This report details both the state and national employment levels, as well as average wages, for pharmacists, pharmacy technicians, and pharmacy aides.

Read the full report.

 

County Employment-Population Ratios Across Kansas

The employment-population ratio has varied significantly across different areas in Kansas over the last fourteen years. Some counties have seen sharp declines, while others have been slowly growing.

Sedgwick County’s employment-population ratio had the largest drop during the 2008 recession of any population center in Kansas, and the Sedgwick County ratio has remained roughly flat since the 2008 recession.

Johnson County had the largest decline from 2000 to 2014 in its employment-population ratio, with a long-term decline of almost ten percentage points.

Read the full report, including methodology. 

Producer Price Index Increased for Four of the Six Industries Measured

The Consumer Price Index is used to calculate inflation, or the change in price of a basket of goods and services, as it impacts consumers; whereas, the Producer Price Index measures changes in selling prices, thereby expressing price changes from the perspective of the seller who produces a particular commodity.

A slide presentation updated with December 2014 data shows the Midwest inflation rate decreased in both urban metros and non-metro urban areas from November to December.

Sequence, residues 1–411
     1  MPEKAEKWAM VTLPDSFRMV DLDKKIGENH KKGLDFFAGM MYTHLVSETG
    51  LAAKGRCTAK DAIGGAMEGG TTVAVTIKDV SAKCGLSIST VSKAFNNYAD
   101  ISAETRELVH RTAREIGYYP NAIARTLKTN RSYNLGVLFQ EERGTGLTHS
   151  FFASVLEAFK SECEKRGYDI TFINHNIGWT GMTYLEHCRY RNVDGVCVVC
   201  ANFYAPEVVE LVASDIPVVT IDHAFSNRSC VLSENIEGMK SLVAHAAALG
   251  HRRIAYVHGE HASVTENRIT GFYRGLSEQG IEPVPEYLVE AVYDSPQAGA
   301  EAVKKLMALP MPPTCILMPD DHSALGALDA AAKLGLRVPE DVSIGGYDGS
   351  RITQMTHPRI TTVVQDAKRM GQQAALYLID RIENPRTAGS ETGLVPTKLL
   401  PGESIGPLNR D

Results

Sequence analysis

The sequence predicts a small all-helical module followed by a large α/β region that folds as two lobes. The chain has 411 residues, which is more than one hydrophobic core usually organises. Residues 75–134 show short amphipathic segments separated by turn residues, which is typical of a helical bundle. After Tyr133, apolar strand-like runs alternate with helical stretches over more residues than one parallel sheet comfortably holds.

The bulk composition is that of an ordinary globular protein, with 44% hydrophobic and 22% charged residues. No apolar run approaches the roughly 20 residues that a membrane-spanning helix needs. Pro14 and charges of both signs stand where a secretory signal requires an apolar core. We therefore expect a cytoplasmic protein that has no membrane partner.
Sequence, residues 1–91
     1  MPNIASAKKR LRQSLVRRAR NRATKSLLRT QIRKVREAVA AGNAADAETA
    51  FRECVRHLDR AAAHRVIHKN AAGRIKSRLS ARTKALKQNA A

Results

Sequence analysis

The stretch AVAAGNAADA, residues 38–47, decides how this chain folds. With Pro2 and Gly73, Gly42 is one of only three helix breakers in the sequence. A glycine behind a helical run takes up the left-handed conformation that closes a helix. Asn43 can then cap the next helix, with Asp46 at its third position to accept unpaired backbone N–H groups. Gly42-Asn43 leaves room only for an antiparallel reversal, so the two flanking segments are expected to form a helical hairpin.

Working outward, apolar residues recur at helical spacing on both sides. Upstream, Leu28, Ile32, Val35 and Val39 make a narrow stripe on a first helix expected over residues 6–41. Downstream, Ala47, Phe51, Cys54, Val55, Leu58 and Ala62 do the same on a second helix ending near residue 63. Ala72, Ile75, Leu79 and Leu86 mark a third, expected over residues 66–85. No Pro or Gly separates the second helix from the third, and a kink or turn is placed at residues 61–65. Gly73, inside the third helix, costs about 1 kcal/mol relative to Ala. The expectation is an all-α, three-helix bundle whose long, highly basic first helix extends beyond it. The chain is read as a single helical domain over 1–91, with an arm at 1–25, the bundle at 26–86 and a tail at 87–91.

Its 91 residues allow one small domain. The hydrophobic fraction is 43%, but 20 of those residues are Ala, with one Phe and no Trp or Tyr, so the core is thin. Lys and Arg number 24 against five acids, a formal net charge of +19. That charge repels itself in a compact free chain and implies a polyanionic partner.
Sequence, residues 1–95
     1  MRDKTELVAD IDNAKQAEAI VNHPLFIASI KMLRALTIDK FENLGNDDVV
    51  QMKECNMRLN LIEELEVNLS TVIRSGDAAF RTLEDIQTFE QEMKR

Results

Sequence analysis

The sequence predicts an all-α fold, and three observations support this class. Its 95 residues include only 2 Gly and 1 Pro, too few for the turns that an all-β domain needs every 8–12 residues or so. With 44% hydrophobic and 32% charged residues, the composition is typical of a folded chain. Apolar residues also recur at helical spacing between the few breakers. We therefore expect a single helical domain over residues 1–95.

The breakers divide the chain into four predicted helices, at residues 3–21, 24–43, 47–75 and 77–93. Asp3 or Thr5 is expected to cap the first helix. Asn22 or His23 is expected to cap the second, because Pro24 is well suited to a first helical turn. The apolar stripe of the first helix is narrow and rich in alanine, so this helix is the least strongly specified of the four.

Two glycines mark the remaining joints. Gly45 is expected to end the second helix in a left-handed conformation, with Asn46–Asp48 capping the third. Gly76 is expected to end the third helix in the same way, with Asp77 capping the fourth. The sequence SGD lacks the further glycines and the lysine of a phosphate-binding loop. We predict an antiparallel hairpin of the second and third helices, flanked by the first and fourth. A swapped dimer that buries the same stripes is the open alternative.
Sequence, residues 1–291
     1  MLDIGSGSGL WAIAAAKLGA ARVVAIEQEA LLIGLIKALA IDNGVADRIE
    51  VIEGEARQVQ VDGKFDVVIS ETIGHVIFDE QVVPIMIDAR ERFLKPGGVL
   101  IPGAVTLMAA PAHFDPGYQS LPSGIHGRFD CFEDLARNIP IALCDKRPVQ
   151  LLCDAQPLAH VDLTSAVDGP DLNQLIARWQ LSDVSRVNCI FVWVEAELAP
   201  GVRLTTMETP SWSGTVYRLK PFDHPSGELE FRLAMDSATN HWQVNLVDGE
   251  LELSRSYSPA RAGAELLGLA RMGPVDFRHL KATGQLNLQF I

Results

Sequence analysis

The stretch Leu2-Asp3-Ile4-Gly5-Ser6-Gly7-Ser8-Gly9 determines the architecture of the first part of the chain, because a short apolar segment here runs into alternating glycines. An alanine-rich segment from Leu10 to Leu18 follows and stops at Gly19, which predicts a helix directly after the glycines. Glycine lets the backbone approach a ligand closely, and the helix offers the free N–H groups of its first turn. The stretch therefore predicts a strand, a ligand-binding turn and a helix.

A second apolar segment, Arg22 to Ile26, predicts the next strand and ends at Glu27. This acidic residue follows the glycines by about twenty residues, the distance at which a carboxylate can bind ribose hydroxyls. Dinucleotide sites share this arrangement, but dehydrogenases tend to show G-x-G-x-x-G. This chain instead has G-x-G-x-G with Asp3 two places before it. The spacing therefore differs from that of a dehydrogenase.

The Producer Price Index data shows that prices in the United States have increased from December 2013 to December 2014 for aircraft (1.9 percent), natural gas (12.4 percent), slaughter livestock (17.9 percent), and sorghum (4.1 percent). During that same time period, crude petroleum decreased 37.3 percent and wheat decreased 4.7 percent. 

Access this slide presentation.

Learn more about the CPI.

Learn more about the PPI.

Unemployment Increased Across Kansas and Kansas Metros

The unemployment rate for Kansas, as a whole, increased 0.3 percentage point from October to November. All of the Kansas MSAs experienced increases, also, ranging from 0.2 percentage point in the Wichita MSA to 0.3 percentage points in the Manhattan, Topeka and Lawrence MSA.

A slide presentation is available with additional employment and unemployment data for Kansas and its four metro areas.

Learn more.

 

Current Index Improved Slightly Between October and November

From October to November, both the WSU Current Conditions Index and the Leading Index increased 0.1 percent. The change from November 2013 to November 2014 in the Current Conditions Index shows a decrease of 0.1 percent and the Leading Index shows a decrease of 0.4 percent. In addition, the Leading Index is forecasting a 1.04 percent increase in economic activity over the next six months. 

Read a further analysis of the monthly Index activity.

Access Index data.

Profile of Unemployment Insurance Beneficiaries in Wichita, 3rd Quarter 2014

Unemployment Beneficiaries There was an average of 17,436 unemployed people in the Wichita metropolitan area in the third quarter of 2014, approximately 46 percent of whom collected unemployment insurance benefits. In the third quarter of 2014 there were approximately 8,027 people, age 16 and over, who collected unemployment insurance benefits. That is an increase of approximately 4 percent from the second quarter.
In the third quarter of 2014, five industries accounted for 70.9 percent of unemployment insurance beneficiaries in the Wichita area; manufacturing, administrative and support and waste management and remediation services, wholesale trade, health care and social assistance, and construction. Only two industries had quarterly increases in the number of beneficiaries of any significance; manufacturing and wholesale trade, with an increase of 709 and 507 beneficiaries, respectively.    

Read the full report on the industry profile of Wichita unemployment insurance beneficiaries.